Solarpunk and Environmental Sustainability: A (not-so) Tragic Technophilic Marriage
Alejandro Rivero-Vadillo (Universidad de Alcalá)
Science fiction in the last decade has been characterized by the rise of ecocritical narratives, climate fictions that are meant to either warn readers of the environmental effects of capitalist techno-industrialism or provide potential solutions to the climate crisis. From film narratives such as Interstellar (2014), or Blade Runner 2049 (2017), to literary best-sellers such as Kim Stanley Robinson’s New York 2140 (2017), climate fictions imagine possible future worlds in an advanced Anthropocene. In this sense, solarpunk, a new subgenre of cyberpunk fiction born during the 2010s, offers a distinct perspective on this future. If mainstream narratives are characterized by humanity’s inability to maintain technological progress in the face of the incoming environmental catastrophe, solarpunk stories present science and technology (particularly bio- and geoengineering) as an instrument to palliate and even maintain Humanity’s accelerationist historical process. Although solarpunk has usually been analyzed as an hyper-optimistic genre, lacking, in most cases, a specific and viable scientific background when depicting solutions to human habitability on Earth, in this paper I intend to expand on the scientific philosophies embedded in solarpunk discursivity. Thus, I will focus on how the works of contemporary architects Benjamin Bratton and Vincent Callebaut function as theoretical and aesthetical visions of the sustainable and technological spaces generated in thus subgenre’s narratives. In this sense, I will analyze stories from the compilation Multispecies Cities: Solarpunk Urban Futures (2021) paying attention to, first, the operability of Bratton’s neorrationalist ideas, from his essay “The Terraforming” (2019), in the genre, and secondly, the aesthetic depiction of solarpunk urbanism, which will be critically compared to contemporary architectonical projects carried out by Callebaut.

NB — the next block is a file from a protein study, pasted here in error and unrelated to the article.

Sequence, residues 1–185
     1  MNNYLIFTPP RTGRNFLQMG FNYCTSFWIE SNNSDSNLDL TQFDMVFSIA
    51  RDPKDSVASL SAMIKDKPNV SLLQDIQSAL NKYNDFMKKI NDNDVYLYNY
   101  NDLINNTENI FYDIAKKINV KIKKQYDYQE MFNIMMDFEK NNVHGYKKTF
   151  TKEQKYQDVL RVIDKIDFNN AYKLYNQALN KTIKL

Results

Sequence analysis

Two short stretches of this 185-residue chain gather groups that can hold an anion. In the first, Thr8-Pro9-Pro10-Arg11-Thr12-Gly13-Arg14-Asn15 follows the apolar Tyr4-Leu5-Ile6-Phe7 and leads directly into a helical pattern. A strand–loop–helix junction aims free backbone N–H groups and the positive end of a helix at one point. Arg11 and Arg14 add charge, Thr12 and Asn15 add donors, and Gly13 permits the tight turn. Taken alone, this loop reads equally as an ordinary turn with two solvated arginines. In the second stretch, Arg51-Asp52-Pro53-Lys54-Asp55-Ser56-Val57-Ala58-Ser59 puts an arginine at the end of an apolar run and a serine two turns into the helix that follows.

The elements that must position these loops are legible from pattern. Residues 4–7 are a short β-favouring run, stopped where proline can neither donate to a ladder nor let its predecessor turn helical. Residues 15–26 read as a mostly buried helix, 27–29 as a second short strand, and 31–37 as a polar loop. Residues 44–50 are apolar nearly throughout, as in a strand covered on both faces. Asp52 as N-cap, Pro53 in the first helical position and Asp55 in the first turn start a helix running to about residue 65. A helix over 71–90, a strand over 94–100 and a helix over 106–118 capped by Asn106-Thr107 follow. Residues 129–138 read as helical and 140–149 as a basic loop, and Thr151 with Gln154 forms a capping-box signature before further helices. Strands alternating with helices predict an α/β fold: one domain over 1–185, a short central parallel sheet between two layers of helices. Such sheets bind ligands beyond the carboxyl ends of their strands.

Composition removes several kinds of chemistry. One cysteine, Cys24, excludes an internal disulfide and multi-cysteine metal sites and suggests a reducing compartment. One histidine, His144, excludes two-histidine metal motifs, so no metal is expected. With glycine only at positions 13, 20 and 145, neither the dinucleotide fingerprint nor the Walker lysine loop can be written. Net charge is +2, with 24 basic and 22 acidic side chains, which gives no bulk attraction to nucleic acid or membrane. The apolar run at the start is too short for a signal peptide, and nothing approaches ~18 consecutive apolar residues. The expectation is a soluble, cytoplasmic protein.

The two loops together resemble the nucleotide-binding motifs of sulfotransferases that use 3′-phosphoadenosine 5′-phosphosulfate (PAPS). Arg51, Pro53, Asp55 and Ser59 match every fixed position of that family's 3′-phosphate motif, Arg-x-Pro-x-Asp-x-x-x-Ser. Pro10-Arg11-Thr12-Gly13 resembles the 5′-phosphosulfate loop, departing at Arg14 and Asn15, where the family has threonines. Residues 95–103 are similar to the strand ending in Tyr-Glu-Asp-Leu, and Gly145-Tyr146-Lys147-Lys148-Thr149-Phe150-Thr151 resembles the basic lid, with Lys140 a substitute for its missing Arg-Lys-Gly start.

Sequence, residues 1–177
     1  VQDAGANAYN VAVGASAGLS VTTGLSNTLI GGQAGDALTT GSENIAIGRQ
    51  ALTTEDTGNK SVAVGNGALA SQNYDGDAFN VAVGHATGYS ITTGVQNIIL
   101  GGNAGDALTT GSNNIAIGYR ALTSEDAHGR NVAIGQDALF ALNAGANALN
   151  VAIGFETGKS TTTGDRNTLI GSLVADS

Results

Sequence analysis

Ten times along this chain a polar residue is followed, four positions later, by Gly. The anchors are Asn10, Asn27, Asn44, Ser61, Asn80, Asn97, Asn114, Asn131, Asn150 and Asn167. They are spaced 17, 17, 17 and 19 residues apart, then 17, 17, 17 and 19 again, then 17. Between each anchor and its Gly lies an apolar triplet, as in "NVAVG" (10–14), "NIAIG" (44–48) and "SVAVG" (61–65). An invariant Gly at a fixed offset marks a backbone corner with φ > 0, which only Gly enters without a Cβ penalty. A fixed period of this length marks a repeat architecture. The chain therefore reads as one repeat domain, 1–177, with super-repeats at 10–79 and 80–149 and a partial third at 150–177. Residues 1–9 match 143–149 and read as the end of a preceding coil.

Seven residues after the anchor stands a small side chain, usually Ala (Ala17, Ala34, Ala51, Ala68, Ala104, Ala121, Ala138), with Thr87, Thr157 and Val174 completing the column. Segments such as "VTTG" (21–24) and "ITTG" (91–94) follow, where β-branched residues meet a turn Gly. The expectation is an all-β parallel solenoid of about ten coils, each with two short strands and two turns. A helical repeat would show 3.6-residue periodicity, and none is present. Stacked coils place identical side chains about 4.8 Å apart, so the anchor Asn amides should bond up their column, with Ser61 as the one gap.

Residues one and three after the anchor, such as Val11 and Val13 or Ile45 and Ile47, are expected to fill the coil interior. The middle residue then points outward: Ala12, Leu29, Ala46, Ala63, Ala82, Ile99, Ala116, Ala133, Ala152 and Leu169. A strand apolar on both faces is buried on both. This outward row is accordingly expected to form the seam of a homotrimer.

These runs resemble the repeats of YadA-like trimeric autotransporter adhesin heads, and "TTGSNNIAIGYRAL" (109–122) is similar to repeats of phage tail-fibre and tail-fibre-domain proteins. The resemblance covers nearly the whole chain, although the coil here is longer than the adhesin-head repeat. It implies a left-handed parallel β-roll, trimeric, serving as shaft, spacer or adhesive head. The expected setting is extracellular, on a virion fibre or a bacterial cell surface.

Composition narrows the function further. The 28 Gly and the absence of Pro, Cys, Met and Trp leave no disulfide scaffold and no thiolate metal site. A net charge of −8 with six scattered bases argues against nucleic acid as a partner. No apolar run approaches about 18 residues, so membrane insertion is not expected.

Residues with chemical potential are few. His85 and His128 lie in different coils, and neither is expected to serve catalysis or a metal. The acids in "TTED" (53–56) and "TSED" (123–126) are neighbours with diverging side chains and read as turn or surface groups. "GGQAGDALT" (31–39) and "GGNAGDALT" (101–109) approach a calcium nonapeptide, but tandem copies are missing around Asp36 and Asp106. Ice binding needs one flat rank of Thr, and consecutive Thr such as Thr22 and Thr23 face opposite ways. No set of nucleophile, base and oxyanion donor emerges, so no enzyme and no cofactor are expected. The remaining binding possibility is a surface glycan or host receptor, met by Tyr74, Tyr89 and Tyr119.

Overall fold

Technological Solutions to Narrativized Problems: The Ideological Construction of the Golden Gate Suicide Barrier
Caitlyn Stewart (University of Illinois at Urbana-Champaign)
As publicized and sensationalized by the controversial 2006 documentary The Bridge, which captured on film 24 people jumping off the Golden Gate Bridge to commit suicide within the span of a year, cities like San Francisco have long faced challenges surrounding popularly designated “suicide bridges.” A variety of measures have been employed in such places to reduce the number of jumps, but no innovation has been more popular or widely debated than the “suicide barrier”—a steel net built underneath a bridge and extended outward on both sides, designed to deter jumpers by blocking any potential fall. The suicide barrier, like other preventative measures, is a technology. That is, it has been manufactured to address specific societal need(s) or desire(s); it has undergone a kind of scientific process in which it was imagined, designed, and then constructed in order to serve a particular societal or humanistic purpose. This paper seeks to illuminate the ways in which this turn to technological solution-making belies an inherently flawed process in which the scientific community and the public alike evaluate the success of such implementations based upon their ability to “solve” an entirely misattributed “problem.” I argue, moreover, that what is missed in the general acceptance of statistical analyses determining the “effectiveness” of technologies like the Golden Gate suicide barrier is the influence of human actors on the direction and result of the research—the idea that the problem itself is constructed by the very researchers purporting to solve it. Taking a deeper look into popular media representations of the Golden Gate as a suicide destination, including Tad Friend’s New Yorker piece “Jumpers,” Eric Steel’s documentary “The Bridge,” and Jenni Olson’s film The Joy of Life, I identify the influence of narrative on the construction of the scientific problem that suicide barriers purport to solve, and further suggest that technologies owe their conception and production to a plethora of human interests that often remain unacknowledged and elided from public understanding. In the case of suicide barriers, this false perception can have potentially harmful impacts on quality of life for many people and society writ large.